Anirban Roy Choudhury

Lockdown: Dainik Bhaskar's circulation dipped by 15-20% "witnessing improvement": Girish Agarwal

"Our entire focus has been to restore complete distribution chain, in each of our markets," says the director of Dainik Bhaskar Group

Indians are locked indoors, most of them have shut the access gates to ensure social distancing in order to restrict the further spread of Coronavirus in the country. This has caused disruption in many industries, but newspapers have a unique problem of their own. The reporters, editors, photographers are on the streets doing their job as usual yet the broadsheet is not getting delivered at doorsteps. The Ministry of Information and Broadcasting, Government of India made it clear in the very beginning that the News is an essential service and therefore anyone involved with the news business will remain exempted from the existing lockdown protocols in each and every state of the country. The Prime Minister of the country appreciated the daily broadsheets and their effort to present accurate and credible information to the readers.

Distribution became the largest obstacle for the Print publications and then subscribers started staying away from the print editions as they believe the sheets of paper could communicate the virus home. Many societies in urban pockets banned the entry of hawkers, vendors stopped picking up newspapers for the stands as most of the public places like bus stands, railway stations are all empty. The circulation of newspapers took a deep dive, however, things have started to improve, believes, Girish Agarwal, director, Dainik Bhaskar Group.

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The second most read newspaper in India, Dainik Bhaskar, according to the Indian Readership Survey recorded an average issue readership (AIR - read in the last 24 hours) of 15.4 million. "We did not lose any copies or reader," informs Agarwal. He adds, "However due to distribution breakdown, the ongoing lockdown, our circulation dipped by around 15-20% across all our markets. But now the same is witnessing consistent improvement and is expected to return to full normalcy in the next 10-15 days time."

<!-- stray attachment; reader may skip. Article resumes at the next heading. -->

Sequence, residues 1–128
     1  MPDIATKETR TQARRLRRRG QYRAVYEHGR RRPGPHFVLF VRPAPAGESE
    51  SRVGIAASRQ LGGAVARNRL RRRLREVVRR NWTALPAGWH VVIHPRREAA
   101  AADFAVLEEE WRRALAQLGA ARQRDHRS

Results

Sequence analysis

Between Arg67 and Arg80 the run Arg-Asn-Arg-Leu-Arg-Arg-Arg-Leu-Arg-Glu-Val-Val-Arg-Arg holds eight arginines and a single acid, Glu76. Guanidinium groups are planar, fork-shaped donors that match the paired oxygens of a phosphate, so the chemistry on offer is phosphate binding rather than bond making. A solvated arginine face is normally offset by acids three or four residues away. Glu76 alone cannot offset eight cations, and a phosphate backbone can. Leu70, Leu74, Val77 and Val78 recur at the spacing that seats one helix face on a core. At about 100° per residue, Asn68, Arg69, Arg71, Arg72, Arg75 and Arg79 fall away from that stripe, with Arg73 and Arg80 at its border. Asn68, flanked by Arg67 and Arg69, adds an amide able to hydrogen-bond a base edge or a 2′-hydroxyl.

Agarwal points out the non-availability of distributors, hawkers, and fear of virus being spread by the newspapers as the factors that resulted in the decline in circulation. He feels the stakeholders are putting efforts to bring the circulation back to normal. "Our entire focus has been to restore complete distribution chain, in each of our markets, so that copies can be distributed freely. Readers need trustworthy and reliable content delivered at their doorsteps and they cannot step out."

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Agarwal did not comment on the revenue loss the industry of his publication will have to incur due to the ongoing lockdown. Many advertisers have already pulled out of their campaigns and a significant number of them have not issued fresh release orders. This means it is not only the circulation revenue that is going to take a hit, but the income from advertisements will also head south in the coming quarters.

"First we need to ensure COVID19 is outof the country. After lockdown is over the recently announced financial stimulus and future expected reforms should add value to economic performance," he assesses.